The Road To Joyville
The day has arrived for you to depart. You’re finally ready to head out or, in some cases, re-head out into the world. Your whole life has been spent preparing for the journey. Your car is packed, and you have everything you need. All the instructions from 12-18 years of instructors. All the advice your parents and friends could provide. You may even have a new vehicle to start your journey. You have everything except one thing: a destination.
Sounds silly. Yet how many of us start out our adult life with a mental destination? A destination that once there, you would never want to leave. A place where you would wake up excited about what each day holds for you. You can’t believe you actually get paid to be there. A place I call Joyville.
Joyville is that place where you are alive, using your God given talents, doing what you love. As Confucius put it: “Choose a job you love, and you will never have to work a day in your life.” Imagine waking up each day, dropping to your knees, and thanking God for what you get to do that day. Pretty sweet! Now contrast that with last Monday or Wednesday morning.
Without identifying your Joyville, you start your journey without a destination. Without a destination any road will do. And when faced with a difficult fork in the road, the easy route will usually win out.
Think of Joyville as Seattle, and you are starting out in Fairhope, Alabama. You know the general direction and you can probably develop a gameplan to get there. Here’s the challenge: Seattle is farther away than your resources will take you. You will probably have to stop and find temporary work to afford all the gas and expenses necessary to get there. Plus, even the best plans usually encounter unexpected roadblocks and detours. You may find yourself heading east in Arkansas to find an open road in Tennessee that will allow you to turn and head northwest.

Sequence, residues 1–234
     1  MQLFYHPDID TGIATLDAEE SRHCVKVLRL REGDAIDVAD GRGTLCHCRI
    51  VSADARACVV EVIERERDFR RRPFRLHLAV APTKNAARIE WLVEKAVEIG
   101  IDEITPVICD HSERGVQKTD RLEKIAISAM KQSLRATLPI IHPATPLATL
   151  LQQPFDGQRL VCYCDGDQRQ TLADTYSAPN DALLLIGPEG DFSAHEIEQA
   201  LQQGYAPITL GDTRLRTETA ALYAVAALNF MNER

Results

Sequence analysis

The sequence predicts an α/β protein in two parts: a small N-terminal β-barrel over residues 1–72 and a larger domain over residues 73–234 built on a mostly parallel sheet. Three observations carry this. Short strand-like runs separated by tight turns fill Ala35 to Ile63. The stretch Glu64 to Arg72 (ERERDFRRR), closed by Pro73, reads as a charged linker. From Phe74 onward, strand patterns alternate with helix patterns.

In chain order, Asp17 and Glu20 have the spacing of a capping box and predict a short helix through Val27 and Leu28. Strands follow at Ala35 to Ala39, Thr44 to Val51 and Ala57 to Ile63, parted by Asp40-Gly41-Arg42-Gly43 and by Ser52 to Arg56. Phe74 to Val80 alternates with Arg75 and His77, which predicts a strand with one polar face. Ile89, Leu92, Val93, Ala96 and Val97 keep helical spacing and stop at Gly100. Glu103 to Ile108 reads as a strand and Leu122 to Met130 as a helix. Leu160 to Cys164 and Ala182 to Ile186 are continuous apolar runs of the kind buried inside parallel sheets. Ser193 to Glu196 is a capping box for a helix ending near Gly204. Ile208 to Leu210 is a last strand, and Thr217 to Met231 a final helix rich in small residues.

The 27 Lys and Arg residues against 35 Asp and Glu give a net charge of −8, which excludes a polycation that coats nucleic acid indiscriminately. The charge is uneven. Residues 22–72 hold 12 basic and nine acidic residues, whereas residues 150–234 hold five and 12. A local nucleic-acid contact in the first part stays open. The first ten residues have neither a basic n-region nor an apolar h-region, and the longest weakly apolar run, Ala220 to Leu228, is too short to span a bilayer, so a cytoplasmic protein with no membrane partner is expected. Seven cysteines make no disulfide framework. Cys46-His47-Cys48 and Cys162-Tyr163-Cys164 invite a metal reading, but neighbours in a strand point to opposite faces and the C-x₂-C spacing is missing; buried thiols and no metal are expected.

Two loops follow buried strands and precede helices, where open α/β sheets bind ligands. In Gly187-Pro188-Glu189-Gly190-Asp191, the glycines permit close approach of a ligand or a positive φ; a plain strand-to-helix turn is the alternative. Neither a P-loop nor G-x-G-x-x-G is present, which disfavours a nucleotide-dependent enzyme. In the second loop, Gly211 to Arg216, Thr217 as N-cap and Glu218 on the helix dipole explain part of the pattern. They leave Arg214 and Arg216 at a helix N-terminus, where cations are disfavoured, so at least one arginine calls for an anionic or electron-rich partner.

You may encounter a funeral procession that slows you down. You may leave something in Kansas and have to go back to get it. Nevertheless, as long as you know where Joyville is located, you can always turn toward it whenever the opportunity presents itself. When you remember why you are going to Joyville, you can handle setbacks, detours, road closures, wrecks, and gas shortages.
So do you know your Joyville? If not, here are some steps to help you identify your destination and get back on the road.
1) Spend 10 minute first thing each morning and right before falling asleep asking God to reveal to you the plans He has for you. Ask for insight into your gifts, talents, and joys. Prayer connects you to the Creator who developed a Joyville for each of us.
2) Search out online tests that can help you identify your gifts, talents, and aptitudes. I provide a number of these assessments including the Myers Briggs Talent Indicator through www.pro356consulting.com.
3) Spend a week or a month dreaming about your ideal life. Spend 15-30 minutes a day in a quiet place, preferably with your eyes closed, visualizing your perfect day. What would you be doing? Who would you be doing it with? What would your workspace or environment look like? Dreaming, or meditation, is actually listening for the Creator’s response to your prayers.
4) Start writing down your ideas and thoughts about what Joyville will look like for you. This may include an industry, or it may be just a job description. Keep in mind that your goal is to describe a day where you wake up excited about your daily plans, and you feel embarrassed someone is paying you to do them.
5) Once you have identified your Joyville, start listing all the obstacles you foresee between where you are now and your arrival at Joyville. List two responses for each obstacle.
6) Complete the following statement and put in on your bathroom mirror: Today in Joyville, I will do the following activities: ______________________________________________________.
Read it daily.
You are now ready to back out the driveway and get on your journey. And if you’ve been on the road for a while, you now have a revised map to correct your course and continue on with your journey.
By beginning with the end in mind, all the obstacles seem smaller, less important, and the detours are less of a big deal. Taking a temporary job to get more gas money and get back on the road is not so depressing. And the excited anticipation you emanate when on the road is contagious to all with whom you come into contact. In fact, people will often move out of your way and actually help you get there.
On my journey, after too much trial and error, I discovered a great driving aid, a universal GPS. My God Planning System is found in Proverbs 3:5-6: “Trust in the Lord with all your heart and lean not on your own understanding; in all your ways acknowledge him, and he will make your paths straight.”[i]
And here’s my prayer for you on your journey: May you come to realize that the journey to Joyville is far more important than arriving. As Robert Frost observed, “Two roads diverged in a wood, and I-
I took the one less traveled by, And that has made all the difference.”[ii]
YOUR BEST IS AHEAD,
[i] The Holy Bible, New International Version. New York: American Bible Society
[ii] Frost, Robert. “The Road Not Taken”, Mountain Interval. New York: Henry Holt and Company, 1920
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